Updated: Jun 13
Understanding as much about the human body as possible gives us a better idea of what exercises we should be applying to improve its capabilities. Increasing your knowledge by as little as only 10% will improve your fitness by as much as 100%.
With this added knowledge, you will better understand if specific exercises are doing what they should be doing and how to adjust the exercise to give you the maximum benefits.
Muscles Of The Body
To work a muscle correctly, you must contract the muscle along the line that the muscle fibres run. That allows the muscle to incorporate as many bres as possible, creating more significant strength gains.
Muscular contraction results in motion & the maintenance of posture. For a muscle to contract (the agonist), its opposing (the antagonist) muscle has to stretch. When the antagonist muscle lacks flexibility, the agonist muscle is unable to contract fully, therefore losing strength & power.
A correct balance between the flexibility and strength of different muscles is vital if muscular strength & endurance is to be achieved. An incorrect balance could also lead to an injury.
Maintaining the correct posture is also essential when it comes to working the correct muscles during an exercise.
Flexibility is a joint's ability to move freely in every direction or, more specifically, through a full range and normal range of movement (ROM).
Flexibility training minimises the factors that limit flexibility to help balance muscle groups that might be overused during physical training sessions or due to poor posture.
Benefits derived from increased flexibility:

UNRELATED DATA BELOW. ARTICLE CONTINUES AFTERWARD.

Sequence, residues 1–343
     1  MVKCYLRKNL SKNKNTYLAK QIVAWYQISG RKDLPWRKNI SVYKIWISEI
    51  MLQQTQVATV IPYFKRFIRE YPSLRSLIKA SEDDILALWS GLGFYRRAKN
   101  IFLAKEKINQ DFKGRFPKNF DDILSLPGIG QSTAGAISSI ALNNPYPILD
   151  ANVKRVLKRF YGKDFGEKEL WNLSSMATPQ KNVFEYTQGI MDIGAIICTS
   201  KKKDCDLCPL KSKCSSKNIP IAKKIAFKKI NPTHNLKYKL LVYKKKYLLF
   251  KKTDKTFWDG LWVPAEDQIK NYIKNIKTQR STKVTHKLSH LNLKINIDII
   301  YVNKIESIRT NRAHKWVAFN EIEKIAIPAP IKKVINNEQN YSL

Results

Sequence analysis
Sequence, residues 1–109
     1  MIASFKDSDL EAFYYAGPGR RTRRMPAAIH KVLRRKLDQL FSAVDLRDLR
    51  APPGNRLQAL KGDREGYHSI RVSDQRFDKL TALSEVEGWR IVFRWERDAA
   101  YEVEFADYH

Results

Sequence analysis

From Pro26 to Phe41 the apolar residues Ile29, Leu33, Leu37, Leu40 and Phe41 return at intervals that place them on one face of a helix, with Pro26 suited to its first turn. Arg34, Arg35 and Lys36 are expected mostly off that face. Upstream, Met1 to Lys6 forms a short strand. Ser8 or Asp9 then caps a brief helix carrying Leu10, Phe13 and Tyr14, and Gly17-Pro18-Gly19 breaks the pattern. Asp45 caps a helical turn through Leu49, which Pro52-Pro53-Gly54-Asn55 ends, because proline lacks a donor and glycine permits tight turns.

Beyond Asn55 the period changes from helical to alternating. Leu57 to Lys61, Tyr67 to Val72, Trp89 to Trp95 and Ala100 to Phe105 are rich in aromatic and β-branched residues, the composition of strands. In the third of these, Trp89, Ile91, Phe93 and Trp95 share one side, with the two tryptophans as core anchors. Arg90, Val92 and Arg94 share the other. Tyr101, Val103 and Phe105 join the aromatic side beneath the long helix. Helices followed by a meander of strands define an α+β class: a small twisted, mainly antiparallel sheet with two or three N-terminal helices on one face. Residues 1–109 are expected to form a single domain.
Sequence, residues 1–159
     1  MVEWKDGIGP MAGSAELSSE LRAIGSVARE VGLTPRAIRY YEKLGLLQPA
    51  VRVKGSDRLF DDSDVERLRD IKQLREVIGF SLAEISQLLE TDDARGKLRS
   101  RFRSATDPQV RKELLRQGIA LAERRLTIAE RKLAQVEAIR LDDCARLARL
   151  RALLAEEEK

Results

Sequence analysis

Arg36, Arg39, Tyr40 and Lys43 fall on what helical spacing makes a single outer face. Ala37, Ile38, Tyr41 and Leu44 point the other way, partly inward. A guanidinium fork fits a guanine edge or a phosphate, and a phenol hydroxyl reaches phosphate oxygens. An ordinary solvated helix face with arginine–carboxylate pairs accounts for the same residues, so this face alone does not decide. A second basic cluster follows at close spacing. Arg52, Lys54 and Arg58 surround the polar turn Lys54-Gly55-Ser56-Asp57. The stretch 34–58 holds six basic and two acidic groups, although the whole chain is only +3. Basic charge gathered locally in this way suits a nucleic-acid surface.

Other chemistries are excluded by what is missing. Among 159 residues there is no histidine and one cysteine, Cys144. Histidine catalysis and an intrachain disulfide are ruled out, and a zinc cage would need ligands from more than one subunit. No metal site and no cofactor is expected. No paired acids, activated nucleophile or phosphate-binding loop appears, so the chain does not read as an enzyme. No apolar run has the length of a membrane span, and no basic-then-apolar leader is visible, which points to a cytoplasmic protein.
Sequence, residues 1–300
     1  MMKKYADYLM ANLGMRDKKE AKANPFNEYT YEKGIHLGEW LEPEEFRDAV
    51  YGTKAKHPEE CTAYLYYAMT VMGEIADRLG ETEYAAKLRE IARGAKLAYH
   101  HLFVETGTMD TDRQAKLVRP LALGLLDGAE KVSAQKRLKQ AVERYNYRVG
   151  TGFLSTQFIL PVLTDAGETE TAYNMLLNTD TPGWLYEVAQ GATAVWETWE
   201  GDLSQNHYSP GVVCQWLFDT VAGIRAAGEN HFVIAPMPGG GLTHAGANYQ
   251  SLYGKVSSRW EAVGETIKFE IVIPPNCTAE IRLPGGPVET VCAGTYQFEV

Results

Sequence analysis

1. A flexible joint requires less energy to move through the range of movement. 2. Decreased risk of injury. 3. Increased blood supply and nutrients to joint structures. 4. Increased neuromuscular coordination. 5. Improved muscular balance and posture. 6. Decreased risk of lower-back pain. 7. Reduced stress
Selecting the right flexibility programme is essential to gain all the above benefits.
Applying the wrong stretches could lead to more of a muscular imbalance and misalignment of the individual’s posture.
Identifying the imbalances at the start is imperative to a successful fitness programme. The right stretches can then be applied with greater success.
What is cardiorespiratory fitness?
To a lot of people, it means different things. Cardiorespiratory fitness best describes the health and function of the heart, lung and circulatory system, the capacity of the lungs to exchange oxygen and carbon dioxide with the blood and the circulatory system’s ability to transport blood and nutrients to active tissue for sustained periods without undue fatigue.
So it doesn’t take a rocket scientist to realise that a more efficient cardiorespiratory system gives you more energy for everyday life as well as improving the body’s ability to use up stored energy eg: excess body fat.
Other benefits derived from an improved cardiovascular system:
• Decreased resting heart rate. • Decreased stress levels. • Decreased total cholesterol. • Increased maximum cardiac output. • Increased lung capacity. • Increased heart function.
Muscular Strength & Endurance Training
Every movement we make involves our muscular system. Muscles are unique in their ability to relax, contract and produce force. Strength training is the process of exercising progressively heavier resistance for the purpose of strengthening the musculoskeletal system.
The following are some of the benefits that can be derived from a well-constructed resistance training programme:
1. Increased muscular strength. 2. Increased muscular endurance. 3. Increased bone density. 4. Increased resting metabolic rate (RMR). 5. Increased energy levels. 6. Improved posture. 7. Improved balance & stability. 8. Improved function of the body.
With this new knowledge of how the body functions and the specific protocols for selecting the right exercises, you will now have a better understanding of the best exercises to improve overall fitness, strength and well-being.